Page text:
“That is Not True Whatsoever” CBS’s Margaret Brennan Challenges Gov. Doug Burgum on Claims About Hunter Biden

 “That is Not True Whatsoever” CBS’s Margaret Brennan Challenges Gov. Doug Burgum on Claims About Hunter Biden

[Screenshot/CBS News/”Face the Nation”]

During a contentious segment on CBS’s “Face the Nation,” host Margaret Brennan engaged in a heated exchange with North Dakota Governor Doug Burgum. Burgum, serving as a surrogate for Donald Trump, faced scrutiny for his comments regarding Hunter Biden amidst discussions of alleged injustices in the legal system.

The discussion became particularly pointed when Brennan challenged Burgum’s comparison of Donald Trump’s New York hush money trial to Hunter Biden’s gun case. Brennan highlighted that Hunter Biden himself referred to his charge as a “paperwork error,” similar to the characterization used by Trump’s defenders. She then posed a pointed question to Burgum: “That was a paperwork violation. Are you also offended by that? Is that also a miscarriage of justice?”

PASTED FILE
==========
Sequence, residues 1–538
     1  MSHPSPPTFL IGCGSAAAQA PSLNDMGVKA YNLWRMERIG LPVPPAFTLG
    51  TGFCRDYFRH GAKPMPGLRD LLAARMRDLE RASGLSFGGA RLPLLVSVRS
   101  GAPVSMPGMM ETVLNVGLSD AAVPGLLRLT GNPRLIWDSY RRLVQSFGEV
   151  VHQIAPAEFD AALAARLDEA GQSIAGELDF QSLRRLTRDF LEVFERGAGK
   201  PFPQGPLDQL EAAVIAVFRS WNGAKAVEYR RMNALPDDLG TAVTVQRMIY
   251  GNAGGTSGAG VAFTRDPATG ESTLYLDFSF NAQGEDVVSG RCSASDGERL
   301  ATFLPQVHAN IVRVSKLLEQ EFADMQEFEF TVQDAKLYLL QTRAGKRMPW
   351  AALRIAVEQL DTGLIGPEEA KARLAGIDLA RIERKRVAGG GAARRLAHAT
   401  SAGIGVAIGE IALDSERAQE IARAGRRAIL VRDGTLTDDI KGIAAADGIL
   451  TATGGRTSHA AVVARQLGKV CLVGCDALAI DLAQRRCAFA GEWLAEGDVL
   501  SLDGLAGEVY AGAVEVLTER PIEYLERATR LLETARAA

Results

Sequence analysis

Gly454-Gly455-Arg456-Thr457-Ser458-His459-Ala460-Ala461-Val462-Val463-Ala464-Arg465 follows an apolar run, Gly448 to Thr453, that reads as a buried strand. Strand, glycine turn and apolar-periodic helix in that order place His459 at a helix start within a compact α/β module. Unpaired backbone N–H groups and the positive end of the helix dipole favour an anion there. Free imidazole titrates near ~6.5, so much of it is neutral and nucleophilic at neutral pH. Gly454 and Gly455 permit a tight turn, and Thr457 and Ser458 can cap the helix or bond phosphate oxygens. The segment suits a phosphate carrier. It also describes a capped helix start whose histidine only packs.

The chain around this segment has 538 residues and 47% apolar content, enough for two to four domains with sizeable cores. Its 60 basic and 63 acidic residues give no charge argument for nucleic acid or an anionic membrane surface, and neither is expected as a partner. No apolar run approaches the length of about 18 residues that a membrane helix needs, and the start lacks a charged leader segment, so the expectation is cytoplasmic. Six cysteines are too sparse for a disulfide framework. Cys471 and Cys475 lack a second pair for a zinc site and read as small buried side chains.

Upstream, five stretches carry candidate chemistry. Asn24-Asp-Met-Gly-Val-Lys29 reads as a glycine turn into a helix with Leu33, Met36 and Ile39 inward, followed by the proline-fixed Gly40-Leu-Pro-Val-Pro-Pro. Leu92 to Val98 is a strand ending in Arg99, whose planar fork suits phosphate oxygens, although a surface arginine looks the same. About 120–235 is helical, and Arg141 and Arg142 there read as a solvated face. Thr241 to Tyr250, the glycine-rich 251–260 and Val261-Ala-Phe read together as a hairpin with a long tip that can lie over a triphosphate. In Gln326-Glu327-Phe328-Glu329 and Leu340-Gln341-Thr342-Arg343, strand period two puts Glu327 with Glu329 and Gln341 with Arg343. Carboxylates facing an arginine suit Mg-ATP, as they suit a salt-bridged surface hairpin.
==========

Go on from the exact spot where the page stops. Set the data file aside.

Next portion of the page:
Governor Burgum responded by lamenting what he sees as the “weaponization of the system,” suggesting a broader pattern of bias in legal proceedings. However, Brennan pressed further, questioning whether Burgum believed the system was also weaponized against Hunter Biden.

Burgum shifted the conversation to media coverage, claiming, “I think that it is weaponized against President Trump, but if you’re gonna talk about equivalency in the courts, then we know that media companies have acknowledged that they worked in conjunction with the federal government to suppress information about Hunter Biden’s laptop during an election year.”

Brennan quickly countered this assertion, stating emphatically, “That is not true whatsoever when it comes to this journalist or the journalists involved with this program.” She challenged the governor on his claims about the suppression of stories related to Hunter Biden’s laptop, leading Burgum to question why such stories were allegedly taken down by media outlets during the election.

The conversation then veered into broader criticisms of media and governmental actions, with Burgum suggesting a lack of equivalency and fairness in how different cases are reported and prosecuted. “And if we wanna have equivalency, then make sure that we have a level playing field,” he concluded. This intense exchange highlighted the ongoing debate over media bias and the politicization of legal issues, reflecting deep divisions in perceptions of justice and media integrity in the United States.

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